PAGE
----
A few weeks ago I published a blog lamenting my inability to move forward on several levels ("Getting Around", March 5). That was not a great place to be. Not only was I having car issues, but the severity of my vertigo had increased to an alarming degree causing me to fall on my butt a couple of times. I don't know how to fully express the horror of knowing you are going to fall, grabbing something you think will support you and having it slide out of your grip on the way down. My "safety line" failed.
I have an awesome service dog. He knows how to warn me and he knows how to brace, but if the equipment fails there's not much that either of us can do. I have a tough enough time leaving the house sometimes. Knowing that there's public face-plant potential is not encouraging or conducive to me getting out and about. I haven't been hurt physically (unless you count the monumental bruise on my behind) but it's scary to have no control and embarrassing to have no control in a public venue. Having people rush over to ask me if I'm okay is sweet, but somehow makes it worse. In my ideal world, I go about my business efficiently and under the radar. Knowing I can fall at any moment takes away my dignity and my option of privacy. It's hard to explain to someone who hasn't been there, maybe; but if you have I know you know exactly what I mean.
I didn't (and don't) have the time or resources to deal with being reminded that I am a "disabled" person. I have this life I need to be living, a book about to be published and things that I want to do, dammit. When I wrote that blog, I was feeling plopped right back into 'helpless' mode, and that is not at all a comfortable place to be. I've been a visitor, but I won't live there. At the same time, I noticed that more and more service dogs were sporting these fabulous, well-made and secure-looking harnesses. I thought to myself "THAT is what I need, right there". I checked them out and learned they came from a company called Service Dog Designs (a specialty division of Bold Lead Designs ). Then I looked at the price, and though they were clearly worth every penny and then some, I sort of gave up the idea that I could have one. Like many in my position, I don't have a lot of money. And then I fell again.
A friend described her experience with the harness, and I knew that it could be life-changing if only I could find a way. I know better than to give up, anyway. I went back to the site, printed off everything that was relevant to me, measured my dog and picked out all the options that would be perfect for us and then I did some brain-storming. While deep in the throes of mentally rearranging my finances (not easy considering the car trouble I was also experiencing) it occurred to me that I might want to call the company for some exact figures so I would know exactly what I was dealing with. At first I hesitated because some companies don't even want to hear your voice until you are ready to make a purchase. I don't want to be that person with no money who just wastes everybody's time speculating. That was the WRONG thing to believe.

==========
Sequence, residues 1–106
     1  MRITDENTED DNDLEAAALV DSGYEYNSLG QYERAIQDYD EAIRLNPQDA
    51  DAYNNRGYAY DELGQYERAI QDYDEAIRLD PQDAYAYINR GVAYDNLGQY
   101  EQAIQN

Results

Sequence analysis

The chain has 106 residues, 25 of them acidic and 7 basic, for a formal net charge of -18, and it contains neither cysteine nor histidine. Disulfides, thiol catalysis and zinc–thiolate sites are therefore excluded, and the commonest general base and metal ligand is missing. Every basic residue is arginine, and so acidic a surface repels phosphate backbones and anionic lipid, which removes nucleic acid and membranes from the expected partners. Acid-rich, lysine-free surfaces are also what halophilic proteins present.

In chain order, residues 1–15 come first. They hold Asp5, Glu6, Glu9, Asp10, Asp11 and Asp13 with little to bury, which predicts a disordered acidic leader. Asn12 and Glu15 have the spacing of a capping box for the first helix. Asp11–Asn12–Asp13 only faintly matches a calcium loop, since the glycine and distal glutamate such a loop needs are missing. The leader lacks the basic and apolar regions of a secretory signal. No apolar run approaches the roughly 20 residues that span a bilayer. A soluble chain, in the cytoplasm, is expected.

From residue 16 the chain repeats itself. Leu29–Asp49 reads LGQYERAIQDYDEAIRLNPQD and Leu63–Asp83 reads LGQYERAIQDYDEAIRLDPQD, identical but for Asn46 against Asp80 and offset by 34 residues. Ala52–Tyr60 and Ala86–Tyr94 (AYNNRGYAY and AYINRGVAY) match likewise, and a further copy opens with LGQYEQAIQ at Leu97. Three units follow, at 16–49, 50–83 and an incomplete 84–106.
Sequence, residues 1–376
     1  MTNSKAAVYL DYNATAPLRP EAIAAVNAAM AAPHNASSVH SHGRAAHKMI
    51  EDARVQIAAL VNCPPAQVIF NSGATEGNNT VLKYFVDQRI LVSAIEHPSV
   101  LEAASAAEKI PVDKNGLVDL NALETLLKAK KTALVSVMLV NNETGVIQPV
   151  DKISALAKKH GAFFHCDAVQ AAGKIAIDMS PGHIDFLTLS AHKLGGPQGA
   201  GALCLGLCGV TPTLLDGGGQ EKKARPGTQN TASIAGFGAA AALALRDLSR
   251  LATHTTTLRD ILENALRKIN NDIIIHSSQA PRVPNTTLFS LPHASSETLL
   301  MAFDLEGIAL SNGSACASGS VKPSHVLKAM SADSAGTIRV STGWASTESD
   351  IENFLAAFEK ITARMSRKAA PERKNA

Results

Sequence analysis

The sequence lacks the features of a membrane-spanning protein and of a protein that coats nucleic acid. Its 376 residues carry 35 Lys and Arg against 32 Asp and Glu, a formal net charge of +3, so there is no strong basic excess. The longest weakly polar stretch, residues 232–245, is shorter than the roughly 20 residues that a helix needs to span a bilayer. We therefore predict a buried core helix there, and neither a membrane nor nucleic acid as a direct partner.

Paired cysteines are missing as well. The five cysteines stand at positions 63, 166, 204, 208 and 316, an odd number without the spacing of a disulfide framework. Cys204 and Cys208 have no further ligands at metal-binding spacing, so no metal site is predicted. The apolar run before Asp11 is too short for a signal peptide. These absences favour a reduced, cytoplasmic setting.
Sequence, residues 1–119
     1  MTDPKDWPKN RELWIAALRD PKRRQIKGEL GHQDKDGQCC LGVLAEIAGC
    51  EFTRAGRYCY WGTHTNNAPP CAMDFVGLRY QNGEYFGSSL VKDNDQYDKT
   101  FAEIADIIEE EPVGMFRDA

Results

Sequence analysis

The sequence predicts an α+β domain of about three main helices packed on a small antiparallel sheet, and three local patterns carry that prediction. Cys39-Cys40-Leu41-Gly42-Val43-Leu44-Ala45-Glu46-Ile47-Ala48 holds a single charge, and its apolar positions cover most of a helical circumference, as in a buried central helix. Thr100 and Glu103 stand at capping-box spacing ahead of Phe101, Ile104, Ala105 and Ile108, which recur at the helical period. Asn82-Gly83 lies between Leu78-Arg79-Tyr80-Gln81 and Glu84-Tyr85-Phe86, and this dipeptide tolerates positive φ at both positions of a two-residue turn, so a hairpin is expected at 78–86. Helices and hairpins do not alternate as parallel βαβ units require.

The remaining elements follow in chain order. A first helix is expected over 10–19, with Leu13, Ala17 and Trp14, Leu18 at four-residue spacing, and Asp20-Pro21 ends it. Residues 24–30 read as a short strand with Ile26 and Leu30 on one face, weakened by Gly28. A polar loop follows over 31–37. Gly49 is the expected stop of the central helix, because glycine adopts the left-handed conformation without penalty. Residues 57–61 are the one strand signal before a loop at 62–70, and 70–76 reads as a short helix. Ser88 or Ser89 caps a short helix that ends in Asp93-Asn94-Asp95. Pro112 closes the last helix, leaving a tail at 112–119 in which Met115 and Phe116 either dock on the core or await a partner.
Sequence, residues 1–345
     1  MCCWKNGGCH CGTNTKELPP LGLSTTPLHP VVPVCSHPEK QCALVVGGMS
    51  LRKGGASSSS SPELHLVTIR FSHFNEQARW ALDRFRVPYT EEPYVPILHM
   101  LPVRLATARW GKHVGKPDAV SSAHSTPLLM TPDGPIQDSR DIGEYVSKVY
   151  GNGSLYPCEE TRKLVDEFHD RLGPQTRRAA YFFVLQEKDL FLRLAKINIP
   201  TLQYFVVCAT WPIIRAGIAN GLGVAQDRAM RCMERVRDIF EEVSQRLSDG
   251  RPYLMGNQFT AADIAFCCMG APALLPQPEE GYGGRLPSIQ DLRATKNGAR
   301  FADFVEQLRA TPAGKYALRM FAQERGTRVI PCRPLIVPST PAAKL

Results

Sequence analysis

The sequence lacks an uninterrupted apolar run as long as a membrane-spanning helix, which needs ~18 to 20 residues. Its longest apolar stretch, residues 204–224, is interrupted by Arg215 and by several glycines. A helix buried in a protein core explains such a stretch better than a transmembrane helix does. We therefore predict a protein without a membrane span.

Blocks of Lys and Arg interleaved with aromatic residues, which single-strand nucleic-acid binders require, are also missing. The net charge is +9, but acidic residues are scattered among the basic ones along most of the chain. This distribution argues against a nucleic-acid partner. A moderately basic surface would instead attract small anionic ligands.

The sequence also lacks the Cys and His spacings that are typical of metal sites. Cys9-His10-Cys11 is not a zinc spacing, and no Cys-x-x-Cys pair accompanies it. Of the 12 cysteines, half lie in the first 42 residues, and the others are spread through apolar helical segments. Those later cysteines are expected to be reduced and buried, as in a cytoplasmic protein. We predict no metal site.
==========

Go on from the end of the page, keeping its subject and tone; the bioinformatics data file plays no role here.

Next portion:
I spoke with Katrina, the company owner and harness-maker extraordinaire. I thought that it was pretty amazing that not only did she speak to me personally, but she was polite and understanding. She knew I didn't have the money, but walked me through the process of creating an invoice, offering helpful and knowledgeable suggestions every step of the way. She never gave me any indication that she might be in a hurry, or that she was wasting her time on somebody who didn't have any money anyway. Her focus remained on what my needs were, and the best way to make that happen. It was so amazing to me that I was actually discussing what I needed FIRST, and how to pay for it second, that I think I even cried a little. The idea that I could have what I needed, that falling could be a thing of the past, was kind of a moving experience. Katrina emailed me the invoice and some funding suggestions. I got excited. Here were options, and I was ready to advocate for myself. The amazing part? It WORKED.
My harness is going to be shipped next week. If you had asked me in March if I have ever felt so hopeful about the possibilities for my future, I probably would have said "no" if I was answering honestly. Now I can get on with my life, and look forward to the things I have to look forward to! If you are a disabled person who is interested in this harness, don't just look at the cost and give up. Call Katrina, there IS a way. She is even willing to speak directly to potential funding sources. When it's an investment in yourself and your future, it's worth every penny.
This review is definitely going to have a part 2 when the harness arrives and we put it to good use. I normally would wait until after the product arrives to review it, but the experience with the company was so positive and helpful that I thought it was worthy of it's own review. I have no doubt that there are plenty of folks like me who's initial reaction was financially based, and I just wanted to try and help take that piece out of the decision making process. Define what you need, and then make it happen:-)